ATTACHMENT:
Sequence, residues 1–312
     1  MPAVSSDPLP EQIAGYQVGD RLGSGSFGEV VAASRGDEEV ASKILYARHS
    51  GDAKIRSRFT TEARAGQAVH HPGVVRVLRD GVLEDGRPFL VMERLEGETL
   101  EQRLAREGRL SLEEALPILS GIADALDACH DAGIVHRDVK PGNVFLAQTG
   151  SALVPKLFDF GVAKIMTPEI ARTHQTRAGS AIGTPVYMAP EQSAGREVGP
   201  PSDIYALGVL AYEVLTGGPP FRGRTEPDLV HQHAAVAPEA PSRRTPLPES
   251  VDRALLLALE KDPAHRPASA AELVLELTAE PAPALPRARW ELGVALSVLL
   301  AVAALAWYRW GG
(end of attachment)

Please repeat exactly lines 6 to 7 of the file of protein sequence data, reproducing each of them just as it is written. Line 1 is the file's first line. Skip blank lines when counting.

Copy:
   201  PSDIYALGVL AYEVLTGGPP FRGRTEPDLV HQHAAVAPEA PSRRTPLPES
   251  VDRALLLALE KDPAHRPASA AELVLELTAE PAPALPRARW ELGVALSVLL